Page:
Wednesday, August 31, 2011

Rod Smith and the Mercury Newspaper!

I am not a great one for keeping up with the daily newspaper, however, when I do read it, I always go straight to the column written by Rod Smith. I enjoy reading his words of wisdom and also get a kick out of some of the stories that are shared!


Rod Smith is a family therapist who lives in the USA. He used to live in Durban; and in fact he is my friend's cousin's wife's uncle! ~ sorry Sandi, I just couldn't resist adding your comment in! :)


My mum (who is visiting from New Zealand) passed me Monday's Mercury and said "read this, he talks a lot of sense!" (Out of interest, I left home at the age of 17!). She was right, it does make a lot of sense ~ but, it got me thinking! Sure, I can relate with all that Mr Smith said ~ but, what happens when you have a special needs child? On the spur of the moment I sent him a quick email, without telling anyone in my family! I did think to myself  "I wonder if he will write back?" and then promptly forgot all about it!


Today, late afternoon, I was pottering around in the kitchen, sorting out Nick and organising supper.  My mother comes into the kitchen waving the newspaper in her hand......... she says, "Oy, this sounds like you!!"


Well, would you believe it, the dear man had published an edited version of my letter and replied! Oh my word, that man put a big lump in my throat and some tears in my eyes. Thank you so much Mr Rod Smith for your meaningful words, they are truly appreciated.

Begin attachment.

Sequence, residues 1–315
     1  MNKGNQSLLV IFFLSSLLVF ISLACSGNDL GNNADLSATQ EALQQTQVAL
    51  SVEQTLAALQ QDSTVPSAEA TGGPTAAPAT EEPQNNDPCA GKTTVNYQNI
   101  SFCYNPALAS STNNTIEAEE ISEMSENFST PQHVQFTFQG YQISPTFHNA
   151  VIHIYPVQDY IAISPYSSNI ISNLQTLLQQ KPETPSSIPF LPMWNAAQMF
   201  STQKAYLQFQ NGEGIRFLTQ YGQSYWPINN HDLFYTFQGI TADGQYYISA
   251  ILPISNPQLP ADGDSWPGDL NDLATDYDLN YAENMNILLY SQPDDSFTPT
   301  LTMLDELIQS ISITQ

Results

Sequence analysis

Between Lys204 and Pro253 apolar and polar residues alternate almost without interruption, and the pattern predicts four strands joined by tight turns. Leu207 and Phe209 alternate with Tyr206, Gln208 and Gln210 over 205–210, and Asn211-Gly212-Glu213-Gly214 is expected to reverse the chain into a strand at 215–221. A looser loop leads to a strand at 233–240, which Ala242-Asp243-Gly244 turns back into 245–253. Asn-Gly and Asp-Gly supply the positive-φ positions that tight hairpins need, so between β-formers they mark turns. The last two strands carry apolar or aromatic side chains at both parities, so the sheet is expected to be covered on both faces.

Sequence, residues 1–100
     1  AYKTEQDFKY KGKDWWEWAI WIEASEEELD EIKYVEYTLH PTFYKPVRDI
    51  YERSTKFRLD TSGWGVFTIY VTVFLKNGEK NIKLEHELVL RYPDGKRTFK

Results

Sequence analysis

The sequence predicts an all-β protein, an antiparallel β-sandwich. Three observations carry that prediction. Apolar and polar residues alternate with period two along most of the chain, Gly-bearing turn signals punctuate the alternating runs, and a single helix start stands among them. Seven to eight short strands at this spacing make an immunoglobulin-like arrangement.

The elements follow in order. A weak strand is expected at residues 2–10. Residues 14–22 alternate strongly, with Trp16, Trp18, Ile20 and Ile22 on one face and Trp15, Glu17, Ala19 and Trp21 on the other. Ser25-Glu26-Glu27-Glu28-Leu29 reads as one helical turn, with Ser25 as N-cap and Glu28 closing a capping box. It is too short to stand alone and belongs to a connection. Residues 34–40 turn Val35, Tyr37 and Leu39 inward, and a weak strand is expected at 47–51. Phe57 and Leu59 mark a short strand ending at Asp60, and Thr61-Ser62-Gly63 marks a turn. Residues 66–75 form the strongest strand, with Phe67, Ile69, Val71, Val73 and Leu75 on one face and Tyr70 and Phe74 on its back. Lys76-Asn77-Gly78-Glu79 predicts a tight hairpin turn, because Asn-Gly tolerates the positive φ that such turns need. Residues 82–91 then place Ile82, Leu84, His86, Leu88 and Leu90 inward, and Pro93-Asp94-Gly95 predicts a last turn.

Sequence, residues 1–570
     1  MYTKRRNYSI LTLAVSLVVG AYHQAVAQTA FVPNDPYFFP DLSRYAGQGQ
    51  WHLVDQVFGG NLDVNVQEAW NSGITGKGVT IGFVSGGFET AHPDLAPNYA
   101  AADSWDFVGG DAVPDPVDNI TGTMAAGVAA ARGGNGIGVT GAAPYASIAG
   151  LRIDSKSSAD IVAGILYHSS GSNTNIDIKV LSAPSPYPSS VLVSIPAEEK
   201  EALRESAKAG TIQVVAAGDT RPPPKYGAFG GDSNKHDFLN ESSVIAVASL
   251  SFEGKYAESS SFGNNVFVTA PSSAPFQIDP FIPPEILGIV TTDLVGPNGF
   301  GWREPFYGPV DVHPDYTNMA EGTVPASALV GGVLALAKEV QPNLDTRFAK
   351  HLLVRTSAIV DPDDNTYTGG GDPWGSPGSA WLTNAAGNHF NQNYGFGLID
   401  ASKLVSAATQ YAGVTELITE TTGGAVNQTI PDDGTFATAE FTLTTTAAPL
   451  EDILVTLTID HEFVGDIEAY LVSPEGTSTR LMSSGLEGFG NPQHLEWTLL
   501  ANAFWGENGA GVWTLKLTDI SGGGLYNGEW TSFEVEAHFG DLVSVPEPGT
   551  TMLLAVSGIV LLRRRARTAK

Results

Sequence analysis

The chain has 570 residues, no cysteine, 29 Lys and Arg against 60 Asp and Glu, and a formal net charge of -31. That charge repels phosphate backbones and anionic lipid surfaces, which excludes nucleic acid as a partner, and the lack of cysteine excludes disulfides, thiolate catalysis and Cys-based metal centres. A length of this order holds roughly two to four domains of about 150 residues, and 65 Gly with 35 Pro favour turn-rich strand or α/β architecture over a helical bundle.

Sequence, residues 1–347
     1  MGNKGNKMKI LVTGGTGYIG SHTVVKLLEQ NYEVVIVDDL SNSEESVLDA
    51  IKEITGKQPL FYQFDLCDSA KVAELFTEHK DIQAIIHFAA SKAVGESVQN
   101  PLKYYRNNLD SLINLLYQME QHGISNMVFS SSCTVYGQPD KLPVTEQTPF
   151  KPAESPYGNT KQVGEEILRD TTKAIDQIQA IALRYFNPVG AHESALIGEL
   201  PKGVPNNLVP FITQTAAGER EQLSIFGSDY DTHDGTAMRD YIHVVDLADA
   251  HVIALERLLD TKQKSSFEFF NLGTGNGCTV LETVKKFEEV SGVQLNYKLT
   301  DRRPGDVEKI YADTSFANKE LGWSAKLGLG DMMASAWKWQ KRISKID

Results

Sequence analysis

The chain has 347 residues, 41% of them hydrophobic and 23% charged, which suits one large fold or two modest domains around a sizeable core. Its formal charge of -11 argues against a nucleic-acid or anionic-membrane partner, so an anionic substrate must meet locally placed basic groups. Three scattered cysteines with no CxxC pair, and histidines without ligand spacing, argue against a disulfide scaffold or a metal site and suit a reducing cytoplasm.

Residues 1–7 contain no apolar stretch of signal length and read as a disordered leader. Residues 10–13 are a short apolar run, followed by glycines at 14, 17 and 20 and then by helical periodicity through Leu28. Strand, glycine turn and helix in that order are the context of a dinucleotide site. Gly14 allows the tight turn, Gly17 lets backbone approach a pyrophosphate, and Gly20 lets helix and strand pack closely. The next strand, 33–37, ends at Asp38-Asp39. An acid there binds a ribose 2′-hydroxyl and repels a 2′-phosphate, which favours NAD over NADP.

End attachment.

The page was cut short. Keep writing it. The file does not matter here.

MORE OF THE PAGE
Here is Mr Smith's original post....


The Mercury
Monday
August 29, 2011


You and Me
by Rod Smith


It's a frequent theme in my office and in letters: "He'll always be my baby" or  "Once a mother, always a mother," and, "A mother's work is never done."  This is usually sighed rather than said. It usually precedes a story of a successful man or woman who seldom visits or contacts his or her mother.
These sentiments deserve challenge. There is no question that once you are someone's mother that is a fact - but mothering does end.
I'd suggest the healthier the mother, the earlier in her child's life, perhaps beginning around 16 and culminating at around 22, she plans to have worked herself out of a job.
It's replaced, and the transition is of course gradual, with becoming a respectful friend of one whom she has successfully mothered.
I know this is an unpopular thought.  I know so many women are defined by their role as mother. I know I am challenging something primal.
But, successful mothering ends.
Healthy adult men and women want mothers to be friends, first. They don't want an adult who needs to be a mother in order to exist.
If the sighs cease and the lamenting ends perhaps adult sons and daughters will find staying in touch a whole lot more rewarding and meaningful.